It may be that the controversy surrounding the word “nigger” will never be dealt with correctly, especially because it’s a dichotomous term that at once harkens back to the slave narrative but at the same time conjures up images of rappers with gold chains, guns, and the thug identity. The past and the present commingle harmfully here, and there’s been no solution yet to rectify all of this. Writing for Slate, Jonah Weiner makes it pretty clear that there’s not going to be some perfect future world in which any person can say “nigger” without referencing years and years of suffering, especially as that would be a direct ignorance of the past. But at the same time, people shouldn’t be hiding behind slightly altered versions of the word. Gwyneth Paltrow once tweeted the word using asterisks, and that was still pretty bad, especially when you think about Louis C.K.’s assertion that using that option or even the “n-word” just makes the other person or people have “nigger” spelled across out in their brain. I even notice that I use quotations in some futile attempt to invoke the academy. If you’re going to use it, use it and accept that you’re doing something pretty offensive; trying to mask the use of the word doesn’t make it any less hurtful or make you free of responsibility. It should be known what is being communicated.
Nicolas B. Aziz of The Huffington Post also comments on how widespread hip hop is, and how little the historical significance of prevalent language is known. People all across the world use the word, as well as phrases with the word heard in popular hip hop songs (“nigga please” has appeared in surprising places), in conversation because they’ve seen their hip hop idols do the same, and enjoy the culture shown in the hip hop world. Much of this is not blatant racism, but it is ignorance of a kind, especially in that the artists who proliferate sometimes don’t want people using the slang they market so effectively, and in that fans think that the “if they say it, I can” mentality drives away significance. Globalization has done its work, and any music that leaves the lips and instruments of its progenitors no longer belongs to these creators. Culture will follow icons like Azalea, slang and style morphing at an impossibly quick rate. Should the word nigger be removed from all media and discourse? It won’t be, so a better understanding of where it comes from, and how “nigga” still holds the same weight as its supposedly worse linguistic counterpart, is warranted.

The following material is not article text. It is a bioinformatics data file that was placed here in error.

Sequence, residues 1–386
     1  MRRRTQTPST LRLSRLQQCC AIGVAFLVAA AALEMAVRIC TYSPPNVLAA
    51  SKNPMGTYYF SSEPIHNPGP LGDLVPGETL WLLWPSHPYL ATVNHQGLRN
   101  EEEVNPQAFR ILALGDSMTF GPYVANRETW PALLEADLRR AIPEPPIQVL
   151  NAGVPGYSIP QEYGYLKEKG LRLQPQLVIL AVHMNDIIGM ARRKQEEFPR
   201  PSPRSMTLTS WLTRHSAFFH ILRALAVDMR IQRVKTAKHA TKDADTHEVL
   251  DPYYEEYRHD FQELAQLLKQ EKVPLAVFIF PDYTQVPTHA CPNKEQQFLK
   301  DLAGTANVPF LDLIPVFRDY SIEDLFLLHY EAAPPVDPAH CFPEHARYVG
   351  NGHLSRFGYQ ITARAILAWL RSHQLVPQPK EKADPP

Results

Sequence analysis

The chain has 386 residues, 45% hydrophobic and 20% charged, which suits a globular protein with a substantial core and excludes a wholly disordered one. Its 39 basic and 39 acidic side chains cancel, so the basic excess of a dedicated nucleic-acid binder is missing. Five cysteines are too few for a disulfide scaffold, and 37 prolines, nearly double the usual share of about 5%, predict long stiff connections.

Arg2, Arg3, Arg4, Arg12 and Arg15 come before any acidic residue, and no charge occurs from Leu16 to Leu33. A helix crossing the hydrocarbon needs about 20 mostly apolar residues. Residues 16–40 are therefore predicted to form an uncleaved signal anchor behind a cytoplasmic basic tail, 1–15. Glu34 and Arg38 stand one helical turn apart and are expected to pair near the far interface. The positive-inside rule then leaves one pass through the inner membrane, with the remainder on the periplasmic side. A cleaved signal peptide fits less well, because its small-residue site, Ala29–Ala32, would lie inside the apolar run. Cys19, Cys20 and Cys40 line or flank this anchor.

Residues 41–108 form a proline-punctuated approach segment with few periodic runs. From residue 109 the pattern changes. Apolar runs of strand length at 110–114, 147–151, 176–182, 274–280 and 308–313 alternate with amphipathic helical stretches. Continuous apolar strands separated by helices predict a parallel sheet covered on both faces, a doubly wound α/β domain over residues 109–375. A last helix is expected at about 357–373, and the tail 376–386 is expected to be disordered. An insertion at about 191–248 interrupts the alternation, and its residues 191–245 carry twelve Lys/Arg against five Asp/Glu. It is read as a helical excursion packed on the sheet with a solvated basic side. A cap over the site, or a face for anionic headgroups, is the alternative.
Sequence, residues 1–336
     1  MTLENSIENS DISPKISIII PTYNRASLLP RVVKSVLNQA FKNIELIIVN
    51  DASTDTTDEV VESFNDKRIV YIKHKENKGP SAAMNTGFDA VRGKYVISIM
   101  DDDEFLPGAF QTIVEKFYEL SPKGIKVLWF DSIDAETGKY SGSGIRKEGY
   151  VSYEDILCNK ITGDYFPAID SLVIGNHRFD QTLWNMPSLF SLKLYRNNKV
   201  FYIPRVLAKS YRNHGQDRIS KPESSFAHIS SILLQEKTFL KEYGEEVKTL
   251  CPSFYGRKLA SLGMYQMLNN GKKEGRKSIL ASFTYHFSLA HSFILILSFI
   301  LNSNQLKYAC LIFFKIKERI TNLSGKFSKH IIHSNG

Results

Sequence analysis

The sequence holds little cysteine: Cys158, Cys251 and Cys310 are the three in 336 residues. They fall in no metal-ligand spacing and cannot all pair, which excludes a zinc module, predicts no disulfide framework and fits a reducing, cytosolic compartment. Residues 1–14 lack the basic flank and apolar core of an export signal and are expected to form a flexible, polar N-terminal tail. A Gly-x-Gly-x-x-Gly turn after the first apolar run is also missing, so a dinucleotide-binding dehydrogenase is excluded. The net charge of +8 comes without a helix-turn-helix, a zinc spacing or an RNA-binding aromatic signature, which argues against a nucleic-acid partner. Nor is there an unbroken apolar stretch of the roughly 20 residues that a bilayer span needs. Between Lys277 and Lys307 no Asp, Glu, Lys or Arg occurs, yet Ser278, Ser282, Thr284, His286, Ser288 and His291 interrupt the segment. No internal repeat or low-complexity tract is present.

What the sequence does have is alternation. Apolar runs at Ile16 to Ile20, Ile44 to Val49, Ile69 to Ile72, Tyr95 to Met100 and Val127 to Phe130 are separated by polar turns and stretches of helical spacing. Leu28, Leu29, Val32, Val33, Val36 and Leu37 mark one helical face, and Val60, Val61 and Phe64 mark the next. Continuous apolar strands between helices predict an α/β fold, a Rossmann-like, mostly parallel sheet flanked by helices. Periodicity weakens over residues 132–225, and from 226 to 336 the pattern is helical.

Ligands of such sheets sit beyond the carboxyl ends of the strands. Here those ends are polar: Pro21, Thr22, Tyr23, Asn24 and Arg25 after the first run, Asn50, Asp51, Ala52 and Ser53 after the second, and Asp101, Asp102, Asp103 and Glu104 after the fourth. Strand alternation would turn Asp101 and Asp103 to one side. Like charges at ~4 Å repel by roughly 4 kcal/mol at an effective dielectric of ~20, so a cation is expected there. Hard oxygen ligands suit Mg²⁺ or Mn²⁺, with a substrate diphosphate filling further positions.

Azalea’s image is controversial, yes, but let’s face it, her music made Questlove sit up and take notice. And huge numbers of people are jamming along, the vocal minority enraged by her lyrics and place in the culture also enjoying a listen even through gritted teeth. Maybe this whole thing can be linked back to the former soul and R&B industry going the way of music icons–Michael Jackson was an incredible figure, but his first performance of the moon walk was markedly solo with no band in sight (see Standing in the Shadows of Motown)–creating a culture where content has to legitimately shock and/or be so catchy so a dumbed down consumer can dig it. An executive definitely doesn’t believe that the consumer wants anything to do with the in depth history of the music provided. Seemingly, hip hop and the genres related to it have become a place for selling massive quantities of not only very brief, easily understood titles, but also a specific type of cultural branding. Much respect to the artists, but the guidelines for a successful song put visual and shock value first a lot, and that’s up to an unequal mix of fans and executives expectations.
If anything, a solution to all this lies in letting go of past grudges and conceptions of what people should be allowed to say, while also understanding why those conceptions have become what they are today. Questlove’s been the most reasonable in this debate; his arguments amount to the idea that Azalea should be herself, as a hip hop artist with full access to slang if used respectfully (my approximation of his words). I truly don’t believe Azalea is any more racist than the person who defines her as such. She’s just caught in a swirling commercial madhouse of miscommunication and monetized identities. We won’t get anywhere throwing hate her way. For those who enjoy her tunes, enjoy them without wondering whether or not you should be offended. I personally haven’t been able to listen “Fancy” once through, but I can’t bring myself to take offense with an artist trapped in a cycle we’re all kinda responsible for, even in a tiny, but measurable, way.